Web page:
Quake sets off landslides, kills at least 3 in Indonesia
JAKARTA, Indonesia (AP) — A strong, shallow earthquake shook Indonesia's Sulawesi island just after midnight, causing landslides and sending people fleeing from their homes in the nighttime darkness. At least three people had died and 24 were injured, but Indonesian officials said they were still collecting information from devastated areas.
In a video released by the National Disaster Mitigation Agency, a girl trapped in the wreckage of a house cried out for help and said her mother was alive but unable to move out. “Please help me, it’s hurt,” the girl told rescuers, who replied that they desperately wanted to help her.
In the video, the rescuers said an excavator was needed to save them. Other images in the video showed a severed bridge and damaged and even flattened houses. TV stations reported the earthquake damaged part of a hospital and patients were moved to an emergency tent outside.
Another video showed a father cried hopeless, asking help from people to save his children buried under tons of his house rubble. “My children there... they are trapped inside, please help,” he cried in panic.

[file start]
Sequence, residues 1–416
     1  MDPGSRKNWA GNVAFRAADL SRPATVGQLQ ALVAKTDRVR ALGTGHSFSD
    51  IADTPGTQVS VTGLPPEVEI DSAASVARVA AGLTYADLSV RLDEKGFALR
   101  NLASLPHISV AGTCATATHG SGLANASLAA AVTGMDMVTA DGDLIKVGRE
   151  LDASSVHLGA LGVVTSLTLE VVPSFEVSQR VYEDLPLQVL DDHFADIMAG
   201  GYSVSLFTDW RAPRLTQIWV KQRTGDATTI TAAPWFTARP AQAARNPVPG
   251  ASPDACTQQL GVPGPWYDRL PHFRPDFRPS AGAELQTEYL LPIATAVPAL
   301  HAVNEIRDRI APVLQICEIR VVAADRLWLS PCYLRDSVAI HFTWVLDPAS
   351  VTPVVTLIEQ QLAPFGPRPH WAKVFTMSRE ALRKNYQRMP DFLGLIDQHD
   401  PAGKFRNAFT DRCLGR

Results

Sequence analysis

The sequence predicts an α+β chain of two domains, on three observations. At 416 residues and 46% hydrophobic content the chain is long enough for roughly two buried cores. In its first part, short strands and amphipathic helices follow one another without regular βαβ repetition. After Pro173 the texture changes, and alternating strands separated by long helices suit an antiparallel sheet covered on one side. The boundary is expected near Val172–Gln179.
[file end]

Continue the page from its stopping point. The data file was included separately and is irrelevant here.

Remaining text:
About 2,000 displaced people were evacuated to several temporary shelters. The magnitude 6.2 quake early Friday was centered 36 kilometers (22 miles) south of West Sulawesi province’s Mamuju district, at a depth of 18 kilometers (11 miles), the U.S. Geological Survey said.
At least 62 houses, a public health center and a military office were damaged in Mamuju and landslides were set off in three locations and blocked a main road connecting Mamuju to the Majene district, said Raditya Jati, the disaster agency’s spokesperson. He said the agency is still collecting data from areas struck by the quake.
On Thursday, a magnitude 5.9 quake hit under the sea in the same region, damaging several homes but causing no apparent casualties.
Indonesia, a vast archipelago of 260 million people, is frequently struck by earthquakes, volcanic eruptions and tsunamis because of its location on the “Ring of Fire,” an arc of volcanoes and fault lines in the Pacific Basin.